Lesson Plans for "Empire"

Lesson 1 - Monstrous Empires and the Kingdom of God

Concept
The first lesson will engage Safwat Marzouk’s essay, “Monstrous Empires and the Kingdom of God.” It will allow participants to explore the representation of empires as monsters while differentiating between the policies of empire and the vision of the kingdom of God.

Setting
This lesson is intended for an adult education class within a 45 minute session, but may be adjusted to meet your needs.

Objective
1) Participants will describe the characteristics of a monster and discuss how they relate to empires (ancient and modern).
2) Participants will discuss examples of faith communities who are living out the vision of the Kingdom of God presented in Daniel 7.
3) Participants will reflect on ways their own faith community can more fully live into the “beautiful mosaic” of community described in the text.

Preparation
1) Participants can read the essay “Monstrous Empires and the Kingdom of God: What Do Monsters Reveal about the Empire?” before class, but it is not required.
2) Arrange the room in a way that allows for large group conversation and small group discussions.
3) Write this question on a whiteboard or newsprint: “What characteristics make a monster?”

Materials
Newsprint or whiteboard
Markers
Bibles
Pens
Hymnals or copies of “The Church’s One Foundation”

Opening
Greet participants as they enter. Ask them to reflect on the question written on the board.

After a few minutes of discussion, have people share their responses. Have a scribe record the responses on newsprint or a whiteboard.

Presenting
Read Daniel 7:1-8, 15-25 together.

What words and characteristics describe the monsters in Daniel 7?
What do the monsters do? (See specifically verses 5,7,19-20, 23, 25)
How do you feel about the use of monsters as a representation for empires?

Marzouk asserts that most scholars have understood the fourth beast of Daniel 7 to refer to the Greek Empire, and the small horn to refer to the Seleucid king Antiochus the fourth who called himself Antiochus Epiphanies, “Antiochus, God Manifest.” The book of Maccabees gives a fuller picture of the imperialistic politics of Antiochus Epiphanies: “the king wrote to his whole kingdom that all people should be one people, and that all should give up their particular customs.” Making all people one and the same meant making all peoples Greek by adopting Greek customs and abandoning whatever sets the different peoples apart.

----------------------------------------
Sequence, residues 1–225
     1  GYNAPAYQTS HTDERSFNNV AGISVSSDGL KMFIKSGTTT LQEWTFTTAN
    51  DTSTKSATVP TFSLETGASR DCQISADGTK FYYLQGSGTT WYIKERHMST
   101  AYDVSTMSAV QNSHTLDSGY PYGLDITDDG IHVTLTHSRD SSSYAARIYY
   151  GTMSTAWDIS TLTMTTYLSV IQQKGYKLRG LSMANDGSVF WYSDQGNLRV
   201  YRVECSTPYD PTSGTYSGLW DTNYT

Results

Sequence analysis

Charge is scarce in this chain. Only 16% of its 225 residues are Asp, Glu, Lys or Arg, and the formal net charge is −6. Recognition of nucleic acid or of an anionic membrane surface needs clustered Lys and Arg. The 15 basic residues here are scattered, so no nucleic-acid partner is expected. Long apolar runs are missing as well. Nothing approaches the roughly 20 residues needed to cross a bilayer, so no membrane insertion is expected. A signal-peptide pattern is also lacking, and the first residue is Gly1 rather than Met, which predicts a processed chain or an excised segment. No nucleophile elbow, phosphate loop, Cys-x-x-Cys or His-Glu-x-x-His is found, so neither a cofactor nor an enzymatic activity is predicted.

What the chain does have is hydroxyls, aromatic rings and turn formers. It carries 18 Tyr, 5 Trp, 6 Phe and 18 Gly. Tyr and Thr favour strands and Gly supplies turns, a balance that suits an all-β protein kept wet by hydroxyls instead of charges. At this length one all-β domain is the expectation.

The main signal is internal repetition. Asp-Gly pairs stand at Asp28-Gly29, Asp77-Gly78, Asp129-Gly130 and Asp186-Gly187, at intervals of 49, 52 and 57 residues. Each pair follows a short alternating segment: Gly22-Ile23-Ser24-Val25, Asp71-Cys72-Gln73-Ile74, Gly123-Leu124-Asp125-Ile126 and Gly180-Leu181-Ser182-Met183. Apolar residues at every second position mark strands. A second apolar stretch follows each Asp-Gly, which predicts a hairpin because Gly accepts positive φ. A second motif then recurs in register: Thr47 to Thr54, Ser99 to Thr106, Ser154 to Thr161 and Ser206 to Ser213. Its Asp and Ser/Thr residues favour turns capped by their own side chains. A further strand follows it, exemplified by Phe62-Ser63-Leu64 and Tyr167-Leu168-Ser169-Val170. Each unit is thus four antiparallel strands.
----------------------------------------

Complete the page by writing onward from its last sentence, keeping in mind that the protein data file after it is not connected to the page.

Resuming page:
Can you think of modern examples where empires or imperial policies seek to impose sameness on people or result in the loss of particular identities?
Can you think of modern examples where empires or imperial policies “break apart” or “stamp down”?

Exploring
Divide participants into groups of 4-6 people. Have each group read Daniel 7:9-14 together.

How is the “human one” different from the monsters portrayed earlier?
How does this passage offer hope in the midst of empire?
What vision for the Kingdom of God emerges from this text?

Responding
In conclusion, Marzouk argues “When humans are content with their humanness, their potential monstrosity is avoided… and note that as the text describes the Kingdom of God, the different nations, peoples, and languages maintain their unique identities as members of the kingdom of God. God’s reign offers humans something common that brings them together, namely, they are all equal humans before God regardless of their race, ethnicity, gender, sexuality, or socioeconomic status. At the same time, the kingdom of God does not attempt to make its members identical with each other. The members of the kingdom of God are called to embrace and celebrate cultural, linguistic, and racial differences, creating a beautiful mosaic of a community that seeks to worship God and to serve other human beings who are both within and outside of their faith community.”

What does it mean to be “content with your humanness”?
Can you think of examples from your own experience where a community resembles this “beautiful mosaic” of people and identities?
What are some of the challenges? What are some of the gifts of this type of community?
How can your faith community move closer to this vision of the kingdom of God?

Closing
To close sing (or read) verses 1&2 of “The Church’s One Foundation” - #321 in the Glory to God hymnal of the Presbyterian Church (USA).

The church’s one foundation is Jesus Christ her Lord.
She is his new creation by water and the word.
From heaven he came and sought her to be his holy bride.
With his own blood he bought her, and for her life he died.

Elect from every nation, yet one o’er all the earth,
her charter of salvation: one Lord, one faith, one birth.
One holy name she blesses, partakes one holy food,
and to one hope she presses, with every grace endued.

 

Lesson 2 - Kingdom of God: space for dialogue

Concept
The purpose of the second lesson is to engage with Tim Hartman’s response essay, to consider different theological perspectives, and to reflect on how the Kingdom of God can create space for dialogue.

Setting
This lesson is intended for an adult education class within a 45 minute session, but may be adjusted to meet your needs.

Objectives
1) Participants will reflect on their own particular cultural and theological context.